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FDA approves blood glucose monitoring system

The FDA has approved Intuity Medical's (Sunnyvale, Calif.) POGO Automatic Blood Glucose Monitoring System, the first blood glucose meter and multitest cartridge to provide automatic testing with lancing, blood collection, and analysis in one easy step. POGO combines all necessary blood glucose testing supplies into a convenient, self-contained, 10-test cartridge, providing ease of use and discretion for patients who need to regularly test their blood glucose to manage diabetes mellitus. Patients no longer need to carry and use separate test supplies and can perform a quick and discreet glucose test while on the go.


To perform a test, the patient places the finger on the port and presses the POGO test port, and POGO automatically lances the finger, collects a blood sample, and displays a result after a 4-second countdown. The meter requires only a tiny blood sample of 0.25 mcL to analyze the glucose value. After all 10 tests are complete, the patient disposes the self-contained cartridge, eliminating the need to handle used test strips or lancets because they remain behind in the cartridge.

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POGO can be combined with the company's proprietary Patterns Diabetes Management application, a secure cloud-based system for managing glucose information that provides patients and healthcare professionals with a comprehensive shared platform to detect and manage important patterns and trends that affect overall glucose control.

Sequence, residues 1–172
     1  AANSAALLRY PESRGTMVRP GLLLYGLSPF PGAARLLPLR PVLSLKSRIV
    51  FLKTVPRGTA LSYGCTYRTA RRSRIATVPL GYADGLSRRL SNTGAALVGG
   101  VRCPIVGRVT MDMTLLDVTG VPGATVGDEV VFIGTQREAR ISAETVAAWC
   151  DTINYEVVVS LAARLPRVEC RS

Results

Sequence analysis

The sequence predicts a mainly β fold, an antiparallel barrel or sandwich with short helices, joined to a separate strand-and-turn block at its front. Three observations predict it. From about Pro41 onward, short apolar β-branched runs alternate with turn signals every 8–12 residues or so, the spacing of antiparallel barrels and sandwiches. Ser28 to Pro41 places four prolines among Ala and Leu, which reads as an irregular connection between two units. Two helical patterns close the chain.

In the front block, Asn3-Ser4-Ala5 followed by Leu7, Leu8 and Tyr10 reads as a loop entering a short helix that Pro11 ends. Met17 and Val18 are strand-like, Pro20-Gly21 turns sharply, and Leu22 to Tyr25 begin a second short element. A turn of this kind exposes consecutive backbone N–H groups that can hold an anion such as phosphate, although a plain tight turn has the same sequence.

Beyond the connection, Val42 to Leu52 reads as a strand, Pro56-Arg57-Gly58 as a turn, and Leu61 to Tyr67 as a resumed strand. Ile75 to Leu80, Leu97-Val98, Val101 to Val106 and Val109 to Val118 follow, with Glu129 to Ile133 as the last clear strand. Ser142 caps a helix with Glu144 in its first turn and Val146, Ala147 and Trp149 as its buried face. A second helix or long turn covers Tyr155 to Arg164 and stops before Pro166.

First blood-based colorectal cancer screening test approved

Epigenomics AG (Germantown, Md.) has received FDA approval of Epi proColon, the first blood-based colorectal cancer (CRC) screening test. The qualitative in vitro polymerase chain reaction assay detects methylated Septin9 DNA, a biomarker for the SEPT9 gene, which is increased in CRC. The test can be performed during routine office visits and requires no dietary restrictions or alterations in medication use.


The test is approved for CRC screening in adults of either gender, age 50 or older, who are defined (by current screening guidelines) as at average risk for CRC and who have been offered and have not completed CRC screening by a stool-based fecal immunochemical test or colonoscopy. The test should be used in combination with a health practitioner's assessment and individual risk factors in guiding patient management. Patients with a positive test result should be referred for diagnostic colonoscopy.


Epi proColon was approved on the basis of the results of three clinical studies and its potential to significantly increase participation rates in CRC screening. According to Epigenomics, the company will conduct a post-approval study to demonstrate the long-term benefit of blood-based colorectal cancer screening using Epi proColon.


Zika virus test authorized for emergency use

The FDA has authorized emergency use of Quest Diagnostics' (Madison, N.J.) Zika Virus RNA Qualitative Real-Time RT-PCR Test. The test is intended for the qualitative detection of Zika virus RNA in human serum specimens. It is the first test from a commercial lab to be granted an emergency use authorization for testing patients for Zika virus RNA. Previously, the only Zika virus test authorized by the FDA was available from the CDC.


The approval broadens access to a diagnostic tool for managing the Zika virus outbreak, according to Quest, and can influence the quality of patient management. The test can potentially be performed at any Clinical Laboratory Improvement Amendments high-complexity lab in the Quest Diagnostics network, which includes several dozen labs in the United States (including one in Puerto Rico). For now, only the company's Focus Diagnostics reference lab in San Juan Capistrano, Calif., will perform the test.